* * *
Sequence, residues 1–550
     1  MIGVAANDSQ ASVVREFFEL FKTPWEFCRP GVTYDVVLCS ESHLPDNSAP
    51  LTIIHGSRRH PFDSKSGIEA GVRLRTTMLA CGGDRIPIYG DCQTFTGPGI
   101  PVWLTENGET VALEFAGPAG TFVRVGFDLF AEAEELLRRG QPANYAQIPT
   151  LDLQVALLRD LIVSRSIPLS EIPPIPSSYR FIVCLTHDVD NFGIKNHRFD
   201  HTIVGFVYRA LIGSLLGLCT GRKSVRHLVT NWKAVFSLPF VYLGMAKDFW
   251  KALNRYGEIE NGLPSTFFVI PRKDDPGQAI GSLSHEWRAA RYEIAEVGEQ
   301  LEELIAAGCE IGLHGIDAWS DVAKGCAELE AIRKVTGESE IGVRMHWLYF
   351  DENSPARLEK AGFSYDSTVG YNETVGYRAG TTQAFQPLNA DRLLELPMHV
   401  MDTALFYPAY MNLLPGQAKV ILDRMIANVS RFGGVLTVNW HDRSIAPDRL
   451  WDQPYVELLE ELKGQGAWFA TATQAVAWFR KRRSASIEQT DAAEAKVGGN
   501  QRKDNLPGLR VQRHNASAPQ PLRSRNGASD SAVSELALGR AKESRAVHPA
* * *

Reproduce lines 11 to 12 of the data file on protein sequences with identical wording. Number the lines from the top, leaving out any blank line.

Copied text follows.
   451  WDQPYVELLE ELKGQGAWFA TATQAVAWFR KRRSASIEQT DAAEAKVGGN
   501  QRKDNLPGLR VQRHNASAPQ PLRSRNGASD SAVSELALGR AKESRAVHPA